(1) And not just, “Why?” or “How do you not kill him?”

(2) Like all things, the “magic” reference point is relative.  Your mileage may differ.

So Court and I were talking that we regularly get asked all kinds of questions about the projects we work on.(1)  While we have worked on quite a few projects together, there are a couple that we work on more consistently – Luci Phurr’s Imps and Stixite.com.  We decided that we’d give you all some insights into how we make the magic.(2)  We’ll start with Luci Phurr’s Imps.


(4) Yup, we know exactly what will happen at the end of the strip and we’re slowly, but surely working towards that.

As I said last week, the initial concept came from Courtney, but obviously to make something like a strip work, and keep on working, we need lots of ideas.  Of course, we have the MASTER PLAN(3) of where the story will ultimately end(4) but we also have to come up with a lot of stories that will ultimately take us there.

So where do these ideas come from?

(5) Despite rumors to the contrary,(6) we do not employ a factory sweatshop of slave children in the Mariana Islands to come up with ideas.

(6) In fairness, it was me who actually started this rumor.  And in my defense, it seemed a lot funnier before I discovered that some “Made In America” products are actually made this way under way less humorous circumstances.  You can learn more here, though this is an older link.

Most of the time Courtney and I get our heads together when we have a bunch of stories to come up with.(5)  It really doesn’t matter if it’s me who says, “Y’know what would be funny….?” or it’s Court who says, “What do you think to doing a story on….?” our comic projects are always a collaboration.  Sometimes the writer and artist work very independently, sometimes, as Court and I prefer, they work very closely, but whatever the method, the end result is usually something that neither side completely envisioned.  My favorite projects are the ones where at the end of the day, you look at the pages and you aren’t entirely sure who had what specific idea.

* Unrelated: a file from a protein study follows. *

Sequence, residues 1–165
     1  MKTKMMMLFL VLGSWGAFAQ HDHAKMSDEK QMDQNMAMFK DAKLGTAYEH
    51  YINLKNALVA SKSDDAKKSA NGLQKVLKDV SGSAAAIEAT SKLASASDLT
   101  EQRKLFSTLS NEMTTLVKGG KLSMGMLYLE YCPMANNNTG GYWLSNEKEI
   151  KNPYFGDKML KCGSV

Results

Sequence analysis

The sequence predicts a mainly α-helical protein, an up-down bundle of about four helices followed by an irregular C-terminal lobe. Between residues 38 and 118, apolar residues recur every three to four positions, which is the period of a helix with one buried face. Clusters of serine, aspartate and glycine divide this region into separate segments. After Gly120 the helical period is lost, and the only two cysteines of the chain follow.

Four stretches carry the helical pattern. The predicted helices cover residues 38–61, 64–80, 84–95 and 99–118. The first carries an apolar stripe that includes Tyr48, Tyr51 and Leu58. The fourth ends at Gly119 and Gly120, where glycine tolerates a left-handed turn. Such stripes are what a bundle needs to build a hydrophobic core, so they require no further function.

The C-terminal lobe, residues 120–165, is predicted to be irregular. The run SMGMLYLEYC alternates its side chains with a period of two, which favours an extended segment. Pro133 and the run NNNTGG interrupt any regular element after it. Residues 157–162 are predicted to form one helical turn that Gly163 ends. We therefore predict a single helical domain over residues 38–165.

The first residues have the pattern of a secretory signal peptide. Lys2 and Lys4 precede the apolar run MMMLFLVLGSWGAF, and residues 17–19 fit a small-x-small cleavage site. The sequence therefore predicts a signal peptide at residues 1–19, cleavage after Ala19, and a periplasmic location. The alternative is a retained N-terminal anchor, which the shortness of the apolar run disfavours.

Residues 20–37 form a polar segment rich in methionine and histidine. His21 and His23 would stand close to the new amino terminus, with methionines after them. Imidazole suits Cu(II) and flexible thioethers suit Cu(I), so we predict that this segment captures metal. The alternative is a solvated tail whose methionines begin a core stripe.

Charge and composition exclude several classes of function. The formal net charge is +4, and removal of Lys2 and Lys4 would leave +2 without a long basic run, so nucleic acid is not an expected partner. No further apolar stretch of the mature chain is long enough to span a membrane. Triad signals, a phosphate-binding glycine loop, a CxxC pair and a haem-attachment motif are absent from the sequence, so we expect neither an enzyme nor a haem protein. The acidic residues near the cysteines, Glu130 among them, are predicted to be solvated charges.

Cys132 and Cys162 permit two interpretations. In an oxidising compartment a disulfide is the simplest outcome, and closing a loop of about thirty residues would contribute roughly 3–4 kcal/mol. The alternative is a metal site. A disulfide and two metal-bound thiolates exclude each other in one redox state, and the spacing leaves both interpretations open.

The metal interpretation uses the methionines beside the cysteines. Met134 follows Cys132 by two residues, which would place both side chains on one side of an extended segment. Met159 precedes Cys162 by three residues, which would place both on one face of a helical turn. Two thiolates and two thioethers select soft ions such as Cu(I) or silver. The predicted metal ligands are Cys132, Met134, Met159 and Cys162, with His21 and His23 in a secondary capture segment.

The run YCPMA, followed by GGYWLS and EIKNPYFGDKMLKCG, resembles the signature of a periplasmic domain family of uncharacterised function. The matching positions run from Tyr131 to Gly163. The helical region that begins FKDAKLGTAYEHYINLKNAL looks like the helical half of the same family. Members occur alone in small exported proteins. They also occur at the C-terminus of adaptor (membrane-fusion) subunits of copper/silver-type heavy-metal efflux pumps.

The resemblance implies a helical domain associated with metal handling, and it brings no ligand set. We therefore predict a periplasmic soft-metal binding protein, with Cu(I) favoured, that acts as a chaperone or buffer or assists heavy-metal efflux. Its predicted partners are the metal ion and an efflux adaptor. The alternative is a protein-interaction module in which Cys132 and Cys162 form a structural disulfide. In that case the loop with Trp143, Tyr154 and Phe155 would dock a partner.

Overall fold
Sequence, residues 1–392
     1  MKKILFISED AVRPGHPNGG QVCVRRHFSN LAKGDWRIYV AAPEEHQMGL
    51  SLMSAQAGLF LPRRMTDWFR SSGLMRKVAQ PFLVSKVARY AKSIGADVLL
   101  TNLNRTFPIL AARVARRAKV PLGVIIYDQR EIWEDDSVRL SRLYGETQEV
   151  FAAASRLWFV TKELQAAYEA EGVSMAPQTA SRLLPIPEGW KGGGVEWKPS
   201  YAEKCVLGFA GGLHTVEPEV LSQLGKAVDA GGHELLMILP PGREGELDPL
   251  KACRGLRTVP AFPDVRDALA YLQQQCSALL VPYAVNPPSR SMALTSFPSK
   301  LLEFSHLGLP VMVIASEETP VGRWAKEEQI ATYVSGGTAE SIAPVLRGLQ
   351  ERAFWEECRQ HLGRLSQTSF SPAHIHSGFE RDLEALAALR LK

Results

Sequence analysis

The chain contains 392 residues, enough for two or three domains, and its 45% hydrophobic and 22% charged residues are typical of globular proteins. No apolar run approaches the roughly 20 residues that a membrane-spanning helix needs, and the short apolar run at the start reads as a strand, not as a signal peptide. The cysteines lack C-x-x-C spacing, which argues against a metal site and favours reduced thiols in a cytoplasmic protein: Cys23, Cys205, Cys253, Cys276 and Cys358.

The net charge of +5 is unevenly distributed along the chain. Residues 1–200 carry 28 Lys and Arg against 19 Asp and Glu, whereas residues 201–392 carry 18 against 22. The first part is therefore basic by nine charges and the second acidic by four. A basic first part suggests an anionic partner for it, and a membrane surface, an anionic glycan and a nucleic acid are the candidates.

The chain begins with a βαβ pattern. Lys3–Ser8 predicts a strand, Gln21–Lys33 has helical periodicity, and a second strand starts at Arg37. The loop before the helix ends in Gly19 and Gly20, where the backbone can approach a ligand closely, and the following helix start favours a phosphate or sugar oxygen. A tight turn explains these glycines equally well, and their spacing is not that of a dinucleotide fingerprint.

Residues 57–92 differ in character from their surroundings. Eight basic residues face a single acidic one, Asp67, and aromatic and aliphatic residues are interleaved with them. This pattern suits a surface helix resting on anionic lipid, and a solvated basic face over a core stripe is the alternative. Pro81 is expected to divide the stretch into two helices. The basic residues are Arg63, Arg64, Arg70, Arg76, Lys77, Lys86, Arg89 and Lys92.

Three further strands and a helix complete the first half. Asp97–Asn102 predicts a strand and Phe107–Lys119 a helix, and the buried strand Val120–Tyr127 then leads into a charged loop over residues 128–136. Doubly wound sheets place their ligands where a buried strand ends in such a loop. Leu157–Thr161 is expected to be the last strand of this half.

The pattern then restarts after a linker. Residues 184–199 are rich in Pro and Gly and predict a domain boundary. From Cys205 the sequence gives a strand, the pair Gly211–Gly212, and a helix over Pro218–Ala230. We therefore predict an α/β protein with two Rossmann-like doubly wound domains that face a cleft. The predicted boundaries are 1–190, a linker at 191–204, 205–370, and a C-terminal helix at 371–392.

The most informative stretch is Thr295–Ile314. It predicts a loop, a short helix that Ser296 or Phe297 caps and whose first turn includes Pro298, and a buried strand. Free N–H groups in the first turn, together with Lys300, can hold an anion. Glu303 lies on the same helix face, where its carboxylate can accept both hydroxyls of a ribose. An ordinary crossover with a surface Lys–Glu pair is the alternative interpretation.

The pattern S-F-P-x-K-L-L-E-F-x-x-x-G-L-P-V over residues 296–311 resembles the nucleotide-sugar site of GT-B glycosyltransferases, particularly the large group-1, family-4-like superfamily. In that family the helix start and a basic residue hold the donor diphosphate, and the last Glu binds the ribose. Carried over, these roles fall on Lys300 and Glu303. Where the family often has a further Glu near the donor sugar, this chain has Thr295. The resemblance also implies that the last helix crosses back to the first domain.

However, once a story is set, usually what happens is that I go one way, and Court goes the other.  I will start to ponder the story, what characters we might need, whether we’ll be in new places that need to be designed as backgrounds, and how exactly the story arc as a whole will end.

While I’m doing that, Court is usually sketching.  And in an ideal world, I want to see those sketches BEFORE I finalize any specific ideas that will form the story.  What I’ve found is that even when I think I have a pretty good handle on a character, the art can just add whole new dimensions.  A throwaway detail the artist has drawn in can become something very important because it gels with some random idea I'd been kicking around.

The other advantage to working this way, is that when I get to the script writing stage, I don’t have to go into such detail when describing characters…. because both Court and myself know what these characters look like and this in turn allows us into their heads.

And at this stage, I’m ready to start writing the scripts.

In the next “Words With Dale” I’ll show you a specially written script and how it’s laid out, then the following Friday the finished strip.

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